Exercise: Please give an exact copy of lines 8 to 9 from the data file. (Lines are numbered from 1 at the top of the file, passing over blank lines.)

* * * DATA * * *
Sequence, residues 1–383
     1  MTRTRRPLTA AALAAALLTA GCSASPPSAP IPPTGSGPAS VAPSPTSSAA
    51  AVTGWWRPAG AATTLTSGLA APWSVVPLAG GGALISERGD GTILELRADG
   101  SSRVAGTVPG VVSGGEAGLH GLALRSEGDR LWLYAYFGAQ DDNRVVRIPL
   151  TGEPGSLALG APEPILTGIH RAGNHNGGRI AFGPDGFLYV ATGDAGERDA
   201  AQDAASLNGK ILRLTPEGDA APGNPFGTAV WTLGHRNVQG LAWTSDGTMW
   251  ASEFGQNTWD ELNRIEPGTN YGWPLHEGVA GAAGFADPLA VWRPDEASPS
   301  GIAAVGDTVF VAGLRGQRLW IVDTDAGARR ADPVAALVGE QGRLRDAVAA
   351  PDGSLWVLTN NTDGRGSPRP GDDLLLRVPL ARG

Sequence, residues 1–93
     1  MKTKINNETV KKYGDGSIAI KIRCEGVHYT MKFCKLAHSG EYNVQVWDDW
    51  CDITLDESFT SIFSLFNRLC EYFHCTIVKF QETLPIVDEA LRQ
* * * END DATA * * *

   301  GIAAVGDTVF VAGLRGQRLW IVDTDAGARR ADPVAALVGE QGRLRDAVAA
   351  PDGSLWVLTN NTDGRGSPRP GDDLLLRVPL ARG